Here’s the dirty truth: When you’re trying too hard to keep up with the Joneses, the Joneses can usually tell. It can be pretty obvious when someone’s lifestyle is way outside their means — as in, the amount you spend every month equals or outweighs what you earn. Not sure if that’s you? Read on.
- You have a job but your credit-card balances aren’t going down. Credit serves a purpose, and it can rescue you in a pinch. However, “a pinch” is not defined by a craving for takeout Thai food or a trip to Nordstrom if you’re close to maxing out one or more credit cards. If you’re not making a dent in your debt, it’s time to take your finances more seriously.
- You aren’t saving much, if anything. After #1, you may be tempted to pat yourself on the back for not having a dime of credit-card debt. But if you aren’t saving anything at the end of the month, the fact is that you still can’t afford your lifestyle. Save first, then spend.
- You assume the future will be much rosier than the present. This is a classic consumer-debt trap: You buy today on credit with the assumption that the money will be there to pay off your bills — someday, that is. It’s an unfortunate fast track to bankruptcy. Make purchasing choices based on your budget today, not on the presumption of a raise or a windfall in the future.
- You wonder where all your money went. When you have no idea how or when your paycheck evaporated, it’s time to start tracking your spending. Keep it simple: Budget it with cash. Pay your rent/mortgage and any loan payments first, and for everything else, make a guess of how much you spend on groceries, entertainment, clothing and personal care, utilities, gas, household goods, pet care, and anywhere else you typically spend money. Then put each amount in cash in envelopes, stored in a safe place. If you run out of cash in any envelope before month’s end, make a note of it and tweak your allotments for the following month. Pretty soon you’ll get a sense of — and a handle on — your spending pitfalls.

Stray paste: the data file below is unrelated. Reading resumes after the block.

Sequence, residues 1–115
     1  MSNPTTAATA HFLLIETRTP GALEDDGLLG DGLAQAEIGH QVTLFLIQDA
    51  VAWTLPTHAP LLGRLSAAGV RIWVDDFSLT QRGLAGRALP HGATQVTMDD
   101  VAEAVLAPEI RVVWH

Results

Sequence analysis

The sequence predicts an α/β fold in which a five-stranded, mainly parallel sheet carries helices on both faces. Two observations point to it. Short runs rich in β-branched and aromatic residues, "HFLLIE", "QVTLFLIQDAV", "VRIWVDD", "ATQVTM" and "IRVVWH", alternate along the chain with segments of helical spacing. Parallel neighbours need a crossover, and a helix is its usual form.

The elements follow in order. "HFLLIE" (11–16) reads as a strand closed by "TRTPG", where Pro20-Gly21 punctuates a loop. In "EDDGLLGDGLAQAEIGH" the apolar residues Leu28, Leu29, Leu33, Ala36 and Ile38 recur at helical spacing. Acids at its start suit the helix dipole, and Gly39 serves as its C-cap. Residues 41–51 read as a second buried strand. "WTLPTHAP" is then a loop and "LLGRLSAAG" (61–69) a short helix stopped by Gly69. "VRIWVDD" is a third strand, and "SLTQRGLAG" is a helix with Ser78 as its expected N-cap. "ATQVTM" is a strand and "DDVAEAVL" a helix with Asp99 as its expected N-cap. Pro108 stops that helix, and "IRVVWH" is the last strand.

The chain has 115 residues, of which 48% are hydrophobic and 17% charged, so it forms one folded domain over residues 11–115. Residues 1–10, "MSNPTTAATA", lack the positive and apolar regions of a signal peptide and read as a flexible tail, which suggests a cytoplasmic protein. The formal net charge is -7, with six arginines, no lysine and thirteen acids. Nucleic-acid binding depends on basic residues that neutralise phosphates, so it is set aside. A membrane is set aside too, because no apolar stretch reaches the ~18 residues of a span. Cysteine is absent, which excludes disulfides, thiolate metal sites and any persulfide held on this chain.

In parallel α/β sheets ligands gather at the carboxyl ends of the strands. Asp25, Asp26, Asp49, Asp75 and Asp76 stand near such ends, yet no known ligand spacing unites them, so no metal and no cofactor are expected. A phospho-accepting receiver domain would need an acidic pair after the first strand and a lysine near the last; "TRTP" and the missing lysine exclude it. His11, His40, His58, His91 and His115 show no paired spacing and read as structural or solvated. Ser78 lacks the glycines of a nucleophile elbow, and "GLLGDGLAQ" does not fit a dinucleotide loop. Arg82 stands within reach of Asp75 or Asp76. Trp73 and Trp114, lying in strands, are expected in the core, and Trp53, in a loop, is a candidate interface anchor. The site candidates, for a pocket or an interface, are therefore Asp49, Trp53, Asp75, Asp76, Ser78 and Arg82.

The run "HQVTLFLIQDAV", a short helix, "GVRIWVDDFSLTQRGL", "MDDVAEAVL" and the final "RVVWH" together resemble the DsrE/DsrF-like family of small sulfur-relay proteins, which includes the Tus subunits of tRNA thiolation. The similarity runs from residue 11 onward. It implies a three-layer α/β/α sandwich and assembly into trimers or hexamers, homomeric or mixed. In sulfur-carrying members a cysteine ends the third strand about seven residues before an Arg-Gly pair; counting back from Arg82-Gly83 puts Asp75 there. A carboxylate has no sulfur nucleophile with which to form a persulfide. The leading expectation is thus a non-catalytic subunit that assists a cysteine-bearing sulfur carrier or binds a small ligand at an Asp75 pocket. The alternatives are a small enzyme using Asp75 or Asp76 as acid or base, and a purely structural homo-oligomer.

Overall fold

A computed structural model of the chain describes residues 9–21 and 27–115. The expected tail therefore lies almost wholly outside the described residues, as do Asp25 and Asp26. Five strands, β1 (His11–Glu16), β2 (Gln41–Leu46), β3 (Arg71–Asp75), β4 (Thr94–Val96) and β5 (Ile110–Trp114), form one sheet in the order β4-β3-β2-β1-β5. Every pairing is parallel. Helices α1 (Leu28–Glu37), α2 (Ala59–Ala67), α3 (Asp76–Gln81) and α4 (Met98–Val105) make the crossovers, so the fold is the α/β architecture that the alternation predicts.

- You crave validation of your spending. It could be among friends or from strangers on an online forum, but if you feel the itch to hear praise on your new [home, car, living-room set, etc.], you’re playing a dangerous game. Seek self-worth elsewhere, not in possessions.
What are your favorite ways to keep spending within a happy range?